On January 22, 2017, two days after the inauguration of Donald Trump, counselor to the president Kellyanne Conway used the phrase “alternative facts” as a way of describing lies. She was referring to the White House press secretary’s providing false estimates for the crowd that attended the inauguration.
This idea of “alternative facts” is actually not unique to the Trump administration. Although that term is new, the dictatorships that dominated Europe in the mid-twentieth century, the Nazi regime of Adolph Hitler and the Soviet government of Josef Stalin, were no strangers to “alternative facts.” Those two authoritarian states regularly issued pronouncements and provided information that they knew were not true.
One of the greatest literary champions of truth in the face of these threats was George Orwell, who died all too soon at age 46 in 1950.
Orwell, author of 1984 and Animal Farm, spent the final years of his life revealing in those two novels how dictatorships contort the truth to achieve their ends. In his book England Your England, composed largely after the end of World War II and the fall of Hitler, Orwell analyzed the effects of how Nazism and Russian communism constantly used “alternative facts” to promote their ends:
“Indifference to objective truth is encouraged by the sealing-off of one part of the world from another, which makes it harder and harder to discover what is actually happening. There can often be a genuine doubt about the most enormous events. For example, it is impossible to calculate within millions, perhaps even tens of millions, the number of deaths caused by the war. [World War II] The calamities that were constantly being reported—battles, massacres, famines, revolutions—tended to inspire in the average person a feeling of unreality. One had no way of verifying the facts, one was not even fully certain they had happened, and one was always presented with totally different interpretations from different sources….Probably the truth is discoverable, but the facts will be so dishonestly set forth…that the ordinary reader can be forgiven either for swallowing lies or for failing to form an opinion. The general uncertainty as to what is really happening makes it easier to cling to lunatic beliefs. Since nothing is ever quite proved or disproved, the most unmistakable fact can be impudently denied.” (p. 54)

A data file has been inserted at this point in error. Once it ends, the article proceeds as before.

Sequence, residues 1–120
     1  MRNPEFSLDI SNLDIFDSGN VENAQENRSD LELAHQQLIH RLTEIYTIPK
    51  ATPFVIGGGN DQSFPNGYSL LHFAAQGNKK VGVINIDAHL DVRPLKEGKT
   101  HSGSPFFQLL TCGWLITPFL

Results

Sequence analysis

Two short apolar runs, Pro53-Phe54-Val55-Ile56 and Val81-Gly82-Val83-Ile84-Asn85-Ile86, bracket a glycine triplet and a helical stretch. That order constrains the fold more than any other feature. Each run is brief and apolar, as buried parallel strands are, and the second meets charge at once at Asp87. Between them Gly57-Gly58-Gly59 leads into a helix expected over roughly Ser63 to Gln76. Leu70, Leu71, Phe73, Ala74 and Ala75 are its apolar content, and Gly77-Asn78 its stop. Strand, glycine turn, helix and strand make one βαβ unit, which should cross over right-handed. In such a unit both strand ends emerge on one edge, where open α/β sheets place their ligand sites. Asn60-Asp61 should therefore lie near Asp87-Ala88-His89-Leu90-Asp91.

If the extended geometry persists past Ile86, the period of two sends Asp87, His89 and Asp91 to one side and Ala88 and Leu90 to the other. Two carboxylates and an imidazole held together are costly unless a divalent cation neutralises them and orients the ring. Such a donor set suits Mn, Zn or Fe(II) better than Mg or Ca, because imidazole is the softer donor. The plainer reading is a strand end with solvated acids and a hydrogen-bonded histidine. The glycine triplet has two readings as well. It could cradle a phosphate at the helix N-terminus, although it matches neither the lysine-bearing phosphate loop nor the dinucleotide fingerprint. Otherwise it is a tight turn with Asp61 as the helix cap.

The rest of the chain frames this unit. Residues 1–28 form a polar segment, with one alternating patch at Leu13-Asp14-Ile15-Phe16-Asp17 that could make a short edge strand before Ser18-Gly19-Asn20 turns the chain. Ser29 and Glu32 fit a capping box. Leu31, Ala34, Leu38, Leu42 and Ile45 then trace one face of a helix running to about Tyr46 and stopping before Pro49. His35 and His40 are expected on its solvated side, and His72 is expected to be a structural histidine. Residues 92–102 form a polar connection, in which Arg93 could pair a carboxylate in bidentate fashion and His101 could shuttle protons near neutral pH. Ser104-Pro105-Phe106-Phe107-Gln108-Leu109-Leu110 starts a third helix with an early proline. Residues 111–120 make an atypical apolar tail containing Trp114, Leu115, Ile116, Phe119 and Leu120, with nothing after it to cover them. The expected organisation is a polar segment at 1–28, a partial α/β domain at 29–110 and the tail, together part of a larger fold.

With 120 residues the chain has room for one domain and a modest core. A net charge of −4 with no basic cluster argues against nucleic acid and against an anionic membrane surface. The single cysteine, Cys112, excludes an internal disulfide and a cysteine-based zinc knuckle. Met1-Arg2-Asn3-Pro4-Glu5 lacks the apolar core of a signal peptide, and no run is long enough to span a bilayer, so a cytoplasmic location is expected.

This analysis describes all-too accurately the state of truth in the current era of “alternative facts.” The government in Washington baldly denies even the most obvious facts—the existence of global warming and climate change, the size of a crowd on the Mall in DC, the effects of a bill that deprives millions of people of their health insurance, the absence of widespread voter fraud in the United States, etc.. It’s frightening that the other examples of governments that use these tactics are two of the worst dictatorships in history.
What does Orwell recommend that writers do in response to governments denying obvious truths? He advocates political action, but interestingly, he cautions that opposition to regimes that embrace falsehoods can also lead to fanaticism and dogmatic ideas if we embrace activism without reflection:
“To suggest that a creative writer, in a time of conflict, must split his life into two compartments, may seem defeatist or frivolous: yet in practice I do not see what else he can do. To lock yourself up in the ivory tower is impossible and undesirable. To yield subjectively, not merely to a party machine, but even to a group ideology, is to destroy yourself as a writer. We feel this dilemma to be a painful one, because we see the need of engaging in politics while also seeing what a dirty, degrading business it is. And most of us still have a lingering belief that every choice, is between good and evil, and that if a thing is necessary it is also right. We should, I think, get rid of this belief, which belongs to the nursery. In politics one can never do more than decide which of two evils is the less, and there are some situations from which one can only escape by acting like a devil or a lunatic. War, for example, may be necessary, but it is certainly not right or sane. Even a general election is not exactly a pleasant or edifying spectacle. If you have to take part in such things—and I think you do have to, unless you are armoured by old age or stupidity or hypocrisy—then you also have to keep part of yourself inviolate.” (p. 25)
In other words, writers have to curb the temptation to oppose fanatics with an equally fanatical ideology. We must act, and not be paralyzed by ethical dilemmas. But we must never let go of our critical and moral judgments, even if we have to bracket them in order to undo a terrible evil.
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